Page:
Study shows active management in demand as passive's popularity is considered a systemic risk
The current market conditions resulting from the coronavirus pandemic may be more severe than any of us could have known, but fund managers were ahead of the curve.
That’s because most were prepared for a global market slowdown months before the COVID-19 outbreak according to new survey results from Natixis Investment Managers.
The poll of more than 400 fund buyers across North America, Latin America, Europe, Asia, and the Middle East, was conducted in the fourth quarter of 2019.
It found that 79% were expecting greater volatility in the equity markets and 72% expected the same in the bonds markets.
While the coronavirus outbreak has caused more instability than could have been predicted, the fund managers were already prepared to be risk-averse in 2020.
Almost half of respondents said they would be pulling back from US equities and almost three quarters said they would accept underperforming their peers in return for greater downside protection.
“Professional fund buyers are enduring unprecedented market conditions as geopolitical risk continues to remains on the horizon,” said David Giunta, CEO for the US at Natixis Investment Managers. “Despite these circumstances, professional fund buyers are working to protect their clients – both from market losses and from individuals’ reactions to them – by crafting portfolios that are durable and diversified enough to withstand extreme market volatility.”
Active vs. passive
Active managers are not only in demand but can attract a premium as fund managers indicated they would pay higher fees for potential overperformance.
But the popularity of passive investments as a source of systemic risk and volatility as better-performing securities receive larger weights. Buyers flagged concerns around the potential for large losses in the event of a downturn.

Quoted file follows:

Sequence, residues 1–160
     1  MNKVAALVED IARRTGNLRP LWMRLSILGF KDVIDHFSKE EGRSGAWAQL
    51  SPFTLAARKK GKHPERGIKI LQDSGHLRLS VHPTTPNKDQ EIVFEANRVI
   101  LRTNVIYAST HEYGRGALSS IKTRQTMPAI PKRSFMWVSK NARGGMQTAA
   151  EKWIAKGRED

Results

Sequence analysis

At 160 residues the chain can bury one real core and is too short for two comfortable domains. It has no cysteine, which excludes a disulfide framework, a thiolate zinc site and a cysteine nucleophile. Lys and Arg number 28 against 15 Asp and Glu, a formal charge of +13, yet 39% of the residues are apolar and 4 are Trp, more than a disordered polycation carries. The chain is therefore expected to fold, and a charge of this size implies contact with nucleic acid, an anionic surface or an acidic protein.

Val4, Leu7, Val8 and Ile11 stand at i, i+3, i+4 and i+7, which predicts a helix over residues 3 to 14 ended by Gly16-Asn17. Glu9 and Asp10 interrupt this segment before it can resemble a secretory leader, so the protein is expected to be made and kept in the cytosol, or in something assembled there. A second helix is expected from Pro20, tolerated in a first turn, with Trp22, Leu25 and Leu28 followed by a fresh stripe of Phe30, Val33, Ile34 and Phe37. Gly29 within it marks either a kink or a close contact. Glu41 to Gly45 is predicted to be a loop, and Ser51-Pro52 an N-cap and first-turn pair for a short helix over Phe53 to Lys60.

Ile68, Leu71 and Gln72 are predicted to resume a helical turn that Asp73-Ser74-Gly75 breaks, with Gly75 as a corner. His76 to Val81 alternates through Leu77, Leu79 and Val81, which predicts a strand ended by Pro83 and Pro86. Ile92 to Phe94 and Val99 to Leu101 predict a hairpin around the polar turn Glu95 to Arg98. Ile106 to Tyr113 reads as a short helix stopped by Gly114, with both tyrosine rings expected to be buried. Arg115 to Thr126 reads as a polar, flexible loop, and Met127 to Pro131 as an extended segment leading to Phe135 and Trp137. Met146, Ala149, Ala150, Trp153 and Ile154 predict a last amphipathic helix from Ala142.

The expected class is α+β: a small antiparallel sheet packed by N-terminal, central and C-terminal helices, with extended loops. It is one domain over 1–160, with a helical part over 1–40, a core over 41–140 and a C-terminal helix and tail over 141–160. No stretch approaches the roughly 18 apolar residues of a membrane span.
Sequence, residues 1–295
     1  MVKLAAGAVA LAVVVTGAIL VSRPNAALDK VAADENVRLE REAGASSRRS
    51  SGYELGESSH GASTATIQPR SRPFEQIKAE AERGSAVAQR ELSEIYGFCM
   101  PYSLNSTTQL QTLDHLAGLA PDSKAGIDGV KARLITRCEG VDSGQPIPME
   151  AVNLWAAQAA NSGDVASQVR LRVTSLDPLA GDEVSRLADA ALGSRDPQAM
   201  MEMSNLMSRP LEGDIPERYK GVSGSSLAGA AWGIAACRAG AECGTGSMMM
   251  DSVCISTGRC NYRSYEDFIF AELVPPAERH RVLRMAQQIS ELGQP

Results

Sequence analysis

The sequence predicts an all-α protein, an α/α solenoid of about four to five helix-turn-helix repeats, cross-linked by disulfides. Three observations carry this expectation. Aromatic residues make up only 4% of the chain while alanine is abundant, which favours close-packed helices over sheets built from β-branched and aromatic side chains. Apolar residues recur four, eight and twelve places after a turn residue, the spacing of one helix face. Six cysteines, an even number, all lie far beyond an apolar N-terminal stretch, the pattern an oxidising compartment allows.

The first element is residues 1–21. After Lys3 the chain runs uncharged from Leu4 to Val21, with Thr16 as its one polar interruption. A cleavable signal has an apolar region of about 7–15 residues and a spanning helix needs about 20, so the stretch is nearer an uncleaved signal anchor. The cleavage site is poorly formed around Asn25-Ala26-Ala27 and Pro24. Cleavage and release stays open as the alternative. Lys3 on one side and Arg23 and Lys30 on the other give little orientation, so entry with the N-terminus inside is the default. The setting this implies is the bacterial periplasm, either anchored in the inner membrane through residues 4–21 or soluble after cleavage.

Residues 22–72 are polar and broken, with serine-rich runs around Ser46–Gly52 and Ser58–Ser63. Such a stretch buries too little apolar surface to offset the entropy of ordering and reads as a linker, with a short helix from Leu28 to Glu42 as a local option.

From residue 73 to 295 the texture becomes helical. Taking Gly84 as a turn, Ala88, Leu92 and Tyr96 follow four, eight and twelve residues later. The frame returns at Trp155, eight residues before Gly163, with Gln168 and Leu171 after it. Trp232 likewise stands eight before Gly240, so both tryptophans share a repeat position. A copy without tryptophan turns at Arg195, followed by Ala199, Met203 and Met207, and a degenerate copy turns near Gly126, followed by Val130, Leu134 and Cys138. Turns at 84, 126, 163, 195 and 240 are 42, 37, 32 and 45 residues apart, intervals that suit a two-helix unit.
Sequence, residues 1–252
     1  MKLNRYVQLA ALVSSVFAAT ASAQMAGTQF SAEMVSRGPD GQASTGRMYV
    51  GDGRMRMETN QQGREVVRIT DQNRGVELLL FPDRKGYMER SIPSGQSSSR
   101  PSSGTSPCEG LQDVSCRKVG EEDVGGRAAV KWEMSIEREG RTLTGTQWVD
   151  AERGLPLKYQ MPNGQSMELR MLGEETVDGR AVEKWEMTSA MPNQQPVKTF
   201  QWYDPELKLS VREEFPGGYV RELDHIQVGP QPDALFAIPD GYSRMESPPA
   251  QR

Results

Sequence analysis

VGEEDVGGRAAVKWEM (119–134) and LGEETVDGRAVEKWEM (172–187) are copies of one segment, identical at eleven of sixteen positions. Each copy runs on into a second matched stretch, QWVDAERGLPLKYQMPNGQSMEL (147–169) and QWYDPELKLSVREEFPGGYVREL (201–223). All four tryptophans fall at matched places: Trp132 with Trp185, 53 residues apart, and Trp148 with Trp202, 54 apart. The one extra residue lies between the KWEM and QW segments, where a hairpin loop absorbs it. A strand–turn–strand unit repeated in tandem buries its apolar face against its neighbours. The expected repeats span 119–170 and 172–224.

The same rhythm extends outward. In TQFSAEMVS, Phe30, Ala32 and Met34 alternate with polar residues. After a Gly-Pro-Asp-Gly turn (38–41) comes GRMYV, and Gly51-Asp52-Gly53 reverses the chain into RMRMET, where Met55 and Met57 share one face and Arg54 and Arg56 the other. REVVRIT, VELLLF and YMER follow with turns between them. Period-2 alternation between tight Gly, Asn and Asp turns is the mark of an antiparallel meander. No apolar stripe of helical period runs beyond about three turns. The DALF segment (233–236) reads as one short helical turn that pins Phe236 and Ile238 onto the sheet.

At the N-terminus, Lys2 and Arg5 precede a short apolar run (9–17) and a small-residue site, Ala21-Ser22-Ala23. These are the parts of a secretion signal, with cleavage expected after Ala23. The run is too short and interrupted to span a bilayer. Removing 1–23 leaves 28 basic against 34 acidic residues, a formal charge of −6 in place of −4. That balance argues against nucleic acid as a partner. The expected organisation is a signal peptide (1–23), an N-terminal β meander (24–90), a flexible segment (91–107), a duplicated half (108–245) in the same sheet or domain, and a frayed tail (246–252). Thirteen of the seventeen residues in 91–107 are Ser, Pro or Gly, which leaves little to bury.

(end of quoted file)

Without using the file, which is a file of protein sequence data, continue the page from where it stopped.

Alternatives, ESG rising
The survey also revealed that private assets are in focus with 49% of respondents saying they will play a more prominent role in their portfolio strategy.
More than 8 in 10 fund managers said that the low interest rate environment would mean a shift towards alternatives including infrastructure, real estate, and private debt.
ESG factors are also increasingly important as a risk factor that active managers can incorporate into their decision making.
Asked why, 22% of fund buyers said to minimize headline risk, 21% said to generate high risk-adjusted returns and 19% said to improve diversification.
The survey revealed that 62% of fund buyers are feeling increasing demand from clients to align their strategies with investor values.
Given that the pandemic was not yet known about, the fund managers were already expecting overperformance in information technology, healthcare, and financial services.
“Professional fund buyers entered 2020 anticipating further market volatility and risk. What event would trigger a fall and when exactly it would occur was entirely unknown,” said Ed Farrington, Executive Vice President of Institutional and Retirement Sales at Natixis Investment Managers. “We are starting to see professional fund buyers return to risk with a continued focus on ESG strategies, well-valued equities and alternative fixed income.”
The full report is available at: www.im.natixis.com/us/research/2019-professional-fund-buyer-survey